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New-look Wanderers make season debut vs. Pacific on Saturday

The Halifax Wanderers practise in Charlottetown leading up to their season debut on Saturday. (CONTRIBUTED/Canadian Premier League)
The Halifax Wanderers practise in Charlottetown leading up to their season debut on Saturday. (CONTRIBUTED/Canadian Premier League)

The wait is finally over for HFX Wanderers FC.

The Canadian Premier League team sees its first real action of 2020 in a Saturday afternoon meeting with Pacific FC in Charlottetown. The game will be televised on the league’s broadcasting partner OneSoccer as well as the CBC.

“We all came in for the pre-season fit in March, expecting our season to start in April,” Wanderers defender Alex De Carolis said. “We all had that in mind but then I think two weeks into it we got shut down so it’s been four months of trying to make it work. Guys had to do their own thing for a while like the rest of the world, so we all had to distance and find creative ways to get our workouts. But once we were allowed to start practice (in Halifax) that really boosted morale. 

“Every few weeks we would move into a new phase so by a certain point we were in phase 3, which was the final phase we needed to get to for us to be able to play. So now that we’re here, everyone’s excited. We’re finally entering our new season after about six months or so. The guys are really excited for our first game.”

Anyone who followed the team and the league in the inaugural campaign last year will certainly be curious to see a few of the different elements of the Island Games. For one, what will it all look like in what is exclusively a television presentation? 

There won’t be any fans in the UPEI stadium so the league has promised digital wrinkles to the broadcast to enhance the experience for anyone who tunes in. It’s just one more futuristic oddity in what is certainly a surreal lifestyle and operation inside the Charlottetown bubble.

“The only weird thing is all eight teams are in the same hotel so we’re walking by other guys we play against all the time,” De Carolis said. “I think that’s going to be a weird dynamic once the games get going. If a game gets heated and then you bump into the other team in the hotel that night, who knows how everyone will react. And in this tournament every game is like a final; that’s the way we’re treating it. If you lose two or three in a seven-game season your chances are almost done right there so the intensity will be pretty high.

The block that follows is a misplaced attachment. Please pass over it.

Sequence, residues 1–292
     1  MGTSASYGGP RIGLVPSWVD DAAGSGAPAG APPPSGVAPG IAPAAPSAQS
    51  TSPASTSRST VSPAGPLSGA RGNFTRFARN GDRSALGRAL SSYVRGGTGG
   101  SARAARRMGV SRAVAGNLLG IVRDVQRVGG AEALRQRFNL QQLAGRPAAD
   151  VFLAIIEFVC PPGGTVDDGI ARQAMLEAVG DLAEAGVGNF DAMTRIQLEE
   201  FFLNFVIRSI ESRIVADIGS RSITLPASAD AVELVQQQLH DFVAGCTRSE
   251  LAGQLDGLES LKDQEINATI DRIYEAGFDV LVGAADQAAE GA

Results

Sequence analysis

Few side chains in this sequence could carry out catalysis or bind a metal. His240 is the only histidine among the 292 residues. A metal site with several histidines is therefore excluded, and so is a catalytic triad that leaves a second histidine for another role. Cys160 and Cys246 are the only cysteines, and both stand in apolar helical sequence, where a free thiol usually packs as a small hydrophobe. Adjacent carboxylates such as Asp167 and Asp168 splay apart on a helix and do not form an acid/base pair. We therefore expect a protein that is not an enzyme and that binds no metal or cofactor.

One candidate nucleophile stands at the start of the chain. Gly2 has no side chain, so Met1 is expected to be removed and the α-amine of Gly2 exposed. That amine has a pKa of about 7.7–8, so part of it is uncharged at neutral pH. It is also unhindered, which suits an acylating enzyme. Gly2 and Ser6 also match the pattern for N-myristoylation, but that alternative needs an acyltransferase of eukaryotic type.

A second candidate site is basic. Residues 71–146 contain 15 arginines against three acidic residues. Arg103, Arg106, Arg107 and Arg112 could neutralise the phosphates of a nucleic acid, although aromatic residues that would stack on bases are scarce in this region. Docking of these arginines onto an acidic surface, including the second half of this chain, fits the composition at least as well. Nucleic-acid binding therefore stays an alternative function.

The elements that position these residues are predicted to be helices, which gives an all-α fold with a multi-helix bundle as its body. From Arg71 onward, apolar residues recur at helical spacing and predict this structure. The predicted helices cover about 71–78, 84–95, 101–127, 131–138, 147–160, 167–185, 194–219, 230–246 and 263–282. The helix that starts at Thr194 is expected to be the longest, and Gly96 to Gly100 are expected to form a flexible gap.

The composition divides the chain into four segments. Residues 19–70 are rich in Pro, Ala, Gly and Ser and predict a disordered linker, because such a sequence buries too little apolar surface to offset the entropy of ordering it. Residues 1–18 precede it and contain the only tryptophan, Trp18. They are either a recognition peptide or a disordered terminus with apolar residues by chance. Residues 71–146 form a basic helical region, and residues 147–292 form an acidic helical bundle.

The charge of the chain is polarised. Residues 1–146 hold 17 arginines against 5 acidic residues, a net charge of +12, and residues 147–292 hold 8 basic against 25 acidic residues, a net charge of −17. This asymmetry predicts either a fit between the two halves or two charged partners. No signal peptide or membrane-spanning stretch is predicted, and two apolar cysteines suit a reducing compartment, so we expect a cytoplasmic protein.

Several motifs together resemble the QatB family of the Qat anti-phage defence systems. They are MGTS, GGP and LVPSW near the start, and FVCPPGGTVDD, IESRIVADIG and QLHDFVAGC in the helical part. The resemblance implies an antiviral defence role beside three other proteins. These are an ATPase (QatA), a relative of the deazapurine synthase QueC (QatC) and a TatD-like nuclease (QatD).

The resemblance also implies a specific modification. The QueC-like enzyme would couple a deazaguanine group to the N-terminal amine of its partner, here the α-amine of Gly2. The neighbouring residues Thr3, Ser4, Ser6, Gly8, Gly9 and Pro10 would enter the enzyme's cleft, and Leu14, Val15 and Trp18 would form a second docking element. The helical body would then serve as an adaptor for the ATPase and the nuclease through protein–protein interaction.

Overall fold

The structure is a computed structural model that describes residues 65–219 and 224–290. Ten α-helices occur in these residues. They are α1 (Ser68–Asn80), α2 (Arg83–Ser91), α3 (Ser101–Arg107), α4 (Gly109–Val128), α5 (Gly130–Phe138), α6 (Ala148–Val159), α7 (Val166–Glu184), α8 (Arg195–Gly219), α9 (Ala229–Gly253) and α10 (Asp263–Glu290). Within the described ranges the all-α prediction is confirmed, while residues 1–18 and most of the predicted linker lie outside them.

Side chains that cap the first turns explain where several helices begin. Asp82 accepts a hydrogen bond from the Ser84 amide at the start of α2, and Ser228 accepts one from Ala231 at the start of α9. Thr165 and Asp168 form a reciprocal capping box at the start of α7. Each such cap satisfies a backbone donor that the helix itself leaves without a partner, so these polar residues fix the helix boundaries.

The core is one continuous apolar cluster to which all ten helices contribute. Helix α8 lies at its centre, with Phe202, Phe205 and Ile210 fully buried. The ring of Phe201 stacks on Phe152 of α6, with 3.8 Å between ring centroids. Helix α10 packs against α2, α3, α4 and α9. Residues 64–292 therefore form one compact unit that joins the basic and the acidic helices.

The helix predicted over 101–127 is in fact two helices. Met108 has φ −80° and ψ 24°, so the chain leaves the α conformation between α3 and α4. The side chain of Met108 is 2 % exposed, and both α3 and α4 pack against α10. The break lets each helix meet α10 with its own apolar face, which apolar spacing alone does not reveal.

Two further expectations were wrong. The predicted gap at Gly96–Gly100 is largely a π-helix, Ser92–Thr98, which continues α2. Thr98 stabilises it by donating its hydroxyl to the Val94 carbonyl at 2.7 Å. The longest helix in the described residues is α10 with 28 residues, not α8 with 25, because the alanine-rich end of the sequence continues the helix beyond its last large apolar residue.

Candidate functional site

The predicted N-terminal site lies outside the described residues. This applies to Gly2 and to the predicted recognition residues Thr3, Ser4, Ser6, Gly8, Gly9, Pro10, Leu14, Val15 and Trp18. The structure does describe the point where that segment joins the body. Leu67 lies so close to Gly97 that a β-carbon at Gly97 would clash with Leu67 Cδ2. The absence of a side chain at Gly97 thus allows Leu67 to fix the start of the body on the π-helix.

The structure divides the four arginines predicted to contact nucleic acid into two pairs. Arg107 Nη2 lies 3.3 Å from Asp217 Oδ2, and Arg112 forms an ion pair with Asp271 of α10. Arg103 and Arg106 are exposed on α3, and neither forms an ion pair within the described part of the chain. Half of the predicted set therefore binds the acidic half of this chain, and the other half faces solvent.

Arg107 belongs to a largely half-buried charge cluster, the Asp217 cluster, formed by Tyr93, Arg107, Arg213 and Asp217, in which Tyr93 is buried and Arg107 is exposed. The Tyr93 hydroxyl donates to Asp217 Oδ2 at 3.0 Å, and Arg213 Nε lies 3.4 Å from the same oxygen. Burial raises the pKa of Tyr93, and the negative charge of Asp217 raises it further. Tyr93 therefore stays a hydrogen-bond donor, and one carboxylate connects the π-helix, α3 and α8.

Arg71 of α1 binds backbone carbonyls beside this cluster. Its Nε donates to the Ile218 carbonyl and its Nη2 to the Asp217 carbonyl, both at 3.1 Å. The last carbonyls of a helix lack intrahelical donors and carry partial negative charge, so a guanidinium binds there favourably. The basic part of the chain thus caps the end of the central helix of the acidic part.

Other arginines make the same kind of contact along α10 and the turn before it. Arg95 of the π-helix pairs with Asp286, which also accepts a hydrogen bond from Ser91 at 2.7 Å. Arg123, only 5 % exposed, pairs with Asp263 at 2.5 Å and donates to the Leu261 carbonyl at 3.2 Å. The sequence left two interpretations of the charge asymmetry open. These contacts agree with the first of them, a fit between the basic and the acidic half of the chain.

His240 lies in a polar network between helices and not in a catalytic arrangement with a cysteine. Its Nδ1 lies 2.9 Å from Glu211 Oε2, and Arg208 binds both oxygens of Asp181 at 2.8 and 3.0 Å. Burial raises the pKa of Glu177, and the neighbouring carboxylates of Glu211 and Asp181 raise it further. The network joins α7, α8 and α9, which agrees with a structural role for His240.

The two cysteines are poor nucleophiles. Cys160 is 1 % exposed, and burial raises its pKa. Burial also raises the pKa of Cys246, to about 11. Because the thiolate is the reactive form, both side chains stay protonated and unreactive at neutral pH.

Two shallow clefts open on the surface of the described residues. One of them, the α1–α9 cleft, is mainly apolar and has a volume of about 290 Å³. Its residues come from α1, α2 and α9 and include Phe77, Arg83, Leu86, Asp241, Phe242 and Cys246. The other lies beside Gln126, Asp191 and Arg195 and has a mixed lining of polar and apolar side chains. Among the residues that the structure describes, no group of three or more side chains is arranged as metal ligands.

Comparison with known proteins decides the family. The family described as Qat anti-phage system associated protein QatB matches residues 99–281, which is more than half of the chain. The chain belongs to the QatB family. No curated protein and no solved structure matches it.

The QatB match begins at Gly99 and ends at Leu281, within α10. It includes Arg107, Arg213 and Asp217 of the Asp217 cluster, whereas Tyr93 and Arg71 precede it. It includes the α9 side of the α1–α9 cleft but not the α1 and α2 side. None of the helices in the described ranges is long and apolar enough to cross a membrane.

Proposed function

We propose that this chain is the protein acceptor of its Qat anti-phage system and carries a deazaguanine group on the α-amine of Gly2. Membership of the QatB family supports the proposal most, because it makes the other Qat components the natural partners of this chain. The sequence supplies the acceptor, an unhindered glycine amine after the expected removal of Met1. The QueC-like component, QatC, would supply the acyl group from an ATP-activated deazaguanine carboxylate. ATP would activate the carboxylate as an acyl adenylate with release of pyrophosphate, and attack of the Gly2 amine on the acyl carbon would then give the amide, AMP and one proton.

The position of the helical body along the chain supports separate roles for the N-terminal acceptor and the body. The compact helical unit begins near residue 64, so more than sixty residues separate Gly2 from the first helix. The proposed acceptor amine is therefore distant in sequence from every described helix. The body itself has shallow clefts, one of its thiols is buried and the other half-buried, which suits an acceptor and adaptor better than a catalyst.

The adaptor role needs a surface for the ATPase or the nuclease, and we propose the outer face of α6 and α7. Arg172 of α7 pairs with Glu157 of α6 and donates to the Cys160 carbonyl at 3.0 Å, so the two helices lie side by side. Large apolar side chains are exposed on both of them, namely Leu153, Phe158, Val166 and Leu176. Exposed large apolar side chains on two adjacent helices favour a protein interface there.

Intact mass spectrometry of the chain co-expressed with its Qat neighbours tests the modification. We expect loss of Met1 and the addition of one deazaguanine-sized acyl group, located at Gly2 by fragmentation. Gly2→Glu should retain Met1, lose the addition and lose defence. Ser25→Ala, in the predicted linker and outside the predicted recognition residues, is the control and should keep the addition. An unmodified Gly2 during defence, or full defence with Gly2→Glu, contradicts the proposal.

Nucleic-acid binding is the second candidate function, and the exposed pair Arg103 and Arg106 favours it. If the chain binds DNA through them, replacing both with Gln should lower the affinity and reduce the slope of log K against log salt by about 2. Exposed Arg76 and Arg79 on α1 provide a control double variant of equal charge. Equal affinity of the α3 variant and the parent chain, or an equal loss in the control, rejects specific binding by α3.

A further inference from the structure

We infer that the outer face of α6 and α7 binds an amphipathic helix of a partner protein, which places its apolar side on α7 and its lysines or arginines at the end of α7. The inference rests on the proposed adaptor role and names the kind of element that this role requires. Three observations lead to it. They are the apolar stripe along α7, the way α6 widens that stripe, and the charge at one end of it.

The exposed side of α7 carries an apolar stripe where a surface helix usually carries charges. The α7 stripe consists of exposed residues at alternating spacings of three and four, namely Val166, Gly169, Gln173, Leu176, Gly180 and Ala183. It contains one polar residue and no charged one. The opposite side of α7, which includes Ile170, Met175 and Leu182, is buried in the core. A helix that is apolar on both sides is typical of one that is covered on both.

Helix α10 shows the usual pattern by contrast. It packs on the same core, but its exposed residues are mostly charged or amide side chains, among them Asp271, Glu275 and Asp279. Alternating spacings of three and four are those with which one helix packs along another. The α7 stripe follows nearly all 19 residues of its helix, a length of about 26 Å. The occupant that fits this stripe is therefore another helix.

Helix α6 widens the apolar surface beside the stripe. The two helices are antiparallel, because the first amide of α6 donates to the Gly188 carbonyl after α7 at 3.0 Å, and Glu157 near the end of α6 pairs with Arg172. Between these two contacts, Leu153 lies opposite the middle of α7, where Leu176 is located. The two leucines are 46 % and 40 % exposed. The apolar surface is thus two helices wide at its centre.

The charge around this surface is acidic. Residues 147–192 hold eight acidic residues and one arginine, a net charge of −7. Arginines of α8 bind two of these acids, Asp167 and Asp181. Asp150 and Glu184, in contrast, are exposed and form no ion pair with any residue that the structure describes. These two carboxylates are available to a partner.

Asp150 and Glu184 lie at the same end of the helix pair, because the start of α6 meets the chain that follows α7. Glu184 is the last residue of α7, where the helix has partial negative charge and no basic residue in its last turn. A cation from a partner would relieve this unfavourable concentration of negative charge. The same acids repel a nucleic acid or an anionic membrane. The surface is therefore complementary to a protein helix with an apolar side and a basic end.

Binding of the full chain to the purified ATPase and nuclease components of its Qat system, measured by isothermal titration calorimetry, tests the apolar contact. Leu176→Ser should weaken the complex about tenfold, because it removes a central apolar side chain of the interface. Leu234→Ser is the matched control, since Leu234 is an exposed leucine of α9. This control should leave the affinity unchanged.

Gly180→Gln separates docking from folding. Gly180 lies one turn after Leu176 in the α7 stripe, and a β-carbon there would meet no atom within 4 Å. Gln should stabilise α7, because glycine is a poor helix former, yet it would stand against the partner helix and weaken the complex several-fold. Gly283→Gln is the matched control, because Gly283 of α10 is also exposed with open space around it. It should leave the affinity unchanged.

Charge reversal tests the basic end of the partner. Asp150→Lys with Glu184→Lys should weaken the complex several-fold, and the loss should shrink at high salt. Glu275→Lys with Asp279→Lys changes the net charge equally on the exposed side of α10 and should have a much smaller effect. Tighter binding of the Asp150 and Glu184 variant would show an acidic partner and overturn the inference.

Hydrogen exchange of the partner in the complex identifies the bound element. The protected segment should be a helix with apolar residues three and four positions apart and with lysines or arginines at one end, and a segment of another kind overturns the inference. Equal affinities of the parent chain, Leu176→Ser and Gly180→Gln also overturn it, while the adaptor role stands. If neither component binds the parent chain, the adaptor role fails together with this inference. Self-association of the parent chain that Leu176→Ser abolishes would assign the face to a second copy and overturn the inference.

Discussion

“In terms of the bubble itself, things are really good. The people who are in charge of the health and safety have done a really good job. There’s security everywhere and there’s no going in or out of the hotel when you’re not supposed to. And the timing of everything is precise so when we have practice, we have to be on and off the field in exactly 90 minutes and we have a special bus taking us there and back. Everything is super health-conscious and detailed. For a person like me, I enjoy that kind of lifestyle so it’s been easy to adjust for me. We’ve only been here a few days so once the season gets going, we’ll see how it goes for some guys after two or three weeks. But there’s certainly no complaints.

“If a guy is getting down, we’ll be able to say ‘Would you rather be stuck in your apartment doing zoom workouts or are you going to be able to suck this up?’ Everyone definitely understands that we’re lucky they were able to pull this together.”

From a strictly Wanderers perspective, the main question is: What will their new roster look like? There are only seven players back from 2019 when they finished 6-12-10.

There are key newcomers like keeper Jason Beaulieu from the Montreal Impact of the MLS, midfielder Louis Beland-Goyette from Valour FC and Jems Geffrard, who has played internationally for Haiti. There are also college and university standouts like 2019 U SPORTS player of the year Abou Sissoko, his Montreal Carabins teammate Omar Kreim, Ibra Sanoh from Holland College down the road and Cory Bent of the Cape Breton Capers.

“I think the big thing that comes to mind is maturity,” De Carolis said. “We’re a younger team in age but we’re an older team in game experience and maturity. Last year we had a lot of guys that were in their first or second year of playing professionally so they didn’t really know the ins and outs of how a long season goes. This year I think everyone except a couple of guys have played pro so guys know how things work and how you’re supposed to act on and off the field. It’s been refreshing this year, to be honest. 

“Last year in the second half of the season I think we tied seven games in a row and we were up in four of those and we gave up the tying goal. If we would’ve won three or four of those seven that we should’ve, we would’ve been right at the top. Last year we were that close to making the push to being a final two team but I think the reason it didn’t work out is because we weren’t mature enough to be see out our performances in games. Whether it was our scoring or guys not working for full minutes, this year I think we improved at every position. Our starting 11 got better and our backups got better.”

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